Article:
Analysis

Published on November 24th, 2021 | by Roelien Donker

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PAX recommendations to the 2022 NPT RevCon: the TPNW

In the run up to the tenth Review Conference of the Parties to the Treaty on the Non-Proliferation of Nuclear Weapons (NPT), which will take place in early 2022, we will post a series of blogs in which we provide recommendations to States Parties for the upcoming Review Conference. In this blog, we will focus on the Treaty on the Prohibition of Nuclear Weapons (TPNW). PAX urges those States Parties to the NPT that have not yet signed and ratified the TPNW to do so without delay. If States Parties are not ready to join the TPNW, they should engage positively with the TNPW and recognize the treaty as an important piece of the international legal architecture. In this blog, we will further illustrate why States Parties to the NPT should join the TPNW.

The TPNW

In recent years, there has been a growing focus on the dangers of nuclear weapons and the major risk they pose. It was this concern about the catastrophic humanitarian consequences of the use of nuclear weapons that paved the way for the negotiation and adoption of the TPNW in 2017, which entered into force on January 22, 2021. Like the NPT itself, the preamble of the TPNW expresses deep concern about the “catastrophic humanitarian consequences” of nuclear weapons and recognizes the “consequent need to eliminate such weapons completely.”

The TPNW is of great significance as it is the first treaty that makes nuclear weapons illegal in all respects under international law. More specifically, the TPNW prohibits not only the use of nuclear weapons, but also the development, testing, production, transfer, and possession of nuclear weapons. Furthermore, it forbids countries to assist or encourage others to engage in any of these activities. The treaty is also the first to put in place a framework for verifiably and irreversibly eliminating nuclear weapons, and for assisting the victims of their use and testing. Nuclear-weapon states (NWS) and non-nuclear weapon states (NNWS) allied with NWS (nuclear umbrella states) have, however, opposed the treaty and refused to sign it. 

The importance of the TPNW

It is of great importance, however, that all States Parties sign and ratify the TPNW. In doing so, States Parties will send a clear message that nuclear weapons pose an existential threat to humanity and that only their elimination can bring security. Prohibiting nuclear weapons is, in the end, the only way for States Parties to the NPT to achieve their shared objective of the total elimination of nuclear weapons. Additionally, the TPNW fills others gaps within the NPT, by also banning the development of nuclear weapons, prohibiting states parties from assisting, encouraging, or inducing behavior prohibited by the Treaty and prohibiting states parties from hosting the nuclear weapons of another state on their territories.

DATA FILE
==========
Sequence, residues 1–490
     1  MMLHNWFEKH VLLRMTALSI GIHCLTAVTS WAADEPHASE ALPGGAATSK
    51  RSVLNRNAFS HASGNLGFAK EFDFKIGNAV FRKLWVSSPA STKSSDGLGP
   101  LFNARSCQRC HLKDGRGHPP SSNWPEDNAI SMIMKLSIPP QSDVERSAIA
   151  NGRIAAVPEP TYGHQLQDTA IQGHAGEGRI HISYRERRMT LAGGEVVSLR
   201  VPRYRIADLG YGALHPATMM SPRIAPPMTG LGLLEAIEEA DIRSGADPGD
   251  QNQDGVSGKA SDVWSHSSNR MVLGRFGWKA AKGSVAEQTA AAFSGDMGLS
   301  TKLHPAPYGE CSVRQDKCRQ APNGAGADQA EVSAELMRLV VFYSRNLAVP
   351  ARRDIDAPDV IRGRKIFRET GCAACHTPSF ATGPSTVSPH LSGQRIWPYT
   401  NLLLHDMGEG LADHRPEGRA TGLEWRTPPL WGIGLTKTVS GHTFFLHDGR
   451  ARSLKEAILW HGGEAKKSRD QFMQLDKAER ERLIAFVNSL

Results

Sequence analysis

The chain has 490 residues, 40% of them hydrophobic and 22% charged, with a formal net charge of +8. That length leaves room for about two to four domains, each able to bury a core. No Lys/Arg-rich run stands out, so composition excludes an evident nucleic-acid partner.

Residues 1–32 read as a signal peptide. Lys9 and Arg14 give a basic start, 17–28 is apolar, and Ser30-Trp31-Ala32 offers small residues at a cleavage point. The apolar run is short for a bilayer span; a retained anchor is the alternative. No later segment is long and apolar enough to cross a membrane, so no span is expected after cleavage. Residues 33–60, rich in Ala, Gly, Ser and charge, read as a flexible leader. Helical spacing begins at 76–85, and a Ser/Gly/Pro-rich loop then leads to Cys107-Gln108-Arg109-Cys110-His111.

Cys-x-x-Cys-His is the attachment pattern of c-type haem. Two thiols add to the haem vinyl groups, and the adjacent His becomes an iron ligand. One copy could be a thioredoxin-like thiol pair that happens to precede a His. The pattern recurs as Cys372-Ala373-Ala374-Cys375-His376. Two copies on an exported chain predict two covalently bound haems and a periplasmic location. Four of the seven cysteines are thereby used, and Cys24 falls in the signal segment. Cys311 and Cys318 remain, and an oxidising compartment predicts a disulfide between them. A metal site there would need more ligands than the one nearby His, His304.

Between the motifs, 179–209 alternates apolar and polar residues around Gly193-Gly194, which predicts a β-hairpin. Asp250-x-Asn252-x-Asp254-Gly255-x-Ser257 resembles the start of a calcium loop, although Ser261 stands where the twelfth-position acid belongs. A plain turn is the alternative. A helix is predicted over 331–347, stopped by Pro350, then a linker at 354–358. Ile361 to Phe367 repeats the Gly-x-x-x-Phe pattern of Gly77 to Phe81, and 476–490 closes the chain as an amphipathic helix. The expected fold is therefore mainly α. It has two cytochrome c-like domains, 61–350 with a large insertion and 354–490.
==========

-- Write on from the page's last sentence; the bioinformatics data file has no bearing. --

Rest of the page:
Furthermore, treaties can be an effective vehicle for generating new international norms. History has shown that the prohibition of certain types of weapons facilitates progress towards their elimination. When certain weapons become prohibited, they are increasingly seen as illegitimate and lose their political status, and with this, it becomes harder for companies to continue to gather the resources needed to produce them. Moreover, the nested structure of international law means that a treaty may generate social pressures toward compliance even among states that have not signed or ratified a specific treaty. This is, for instance, illustrated by the Ottawa Treaty which prohibits the use, production, and trading of antipersonnel landmines. While a small group of countries, including landmine producers and users, remain formally outside the treaty, some of those countries, including China, India, Israel, Pakistan, Russia, South Korea, and the United States, have imposed restrictions on landmine exports. While the U.S. is not a member of the treaty, President George W. Bush announced in 2004 that the United States would eliminate all forms of “persistent” mines. US participation in the mine ban regime further deepened under President Obama, when the country pledged to observe the obligations of the Mine Ban Treaty, and the country even contributes to victim’s assistance and environmental remediation in relation to landmines. The U.S. has, for instance, invested more than $6.4 million in conventional weapons destruction funding for mine and unexploded bombs clearance, mine risk education, technical surveys and non-technical surveys of suspected hazard areas, and capacity building in Senegal between 2002 and 2019. Thus, this example illustrates that treaties can serve to generate a global norm even if not all states (immediately) join a specific treaty. 

Additionally, the TPNW offers countries that reject nuclear weapons the opportunity to turn their words into actions and escape the NPT grouping and shadow of ‘have nots’. While the NPT remains a cornerstone of the global nuclear disarmament and non-proliferation regime, the commitments that were made during the Review Conferences of 1995, 2000, and 2010 remain largely unfulfilled. By joining the TPNW, States Parties can become NPT implementers, as they have taken action to fulfil their NPT article VI responsibilities. This, in turn, has the possibility of continuing to shift dynamics in the NPT context – from the finger wagging reality of most contentious reviews, into a standing tall and demonstrating leadership opportunity for states.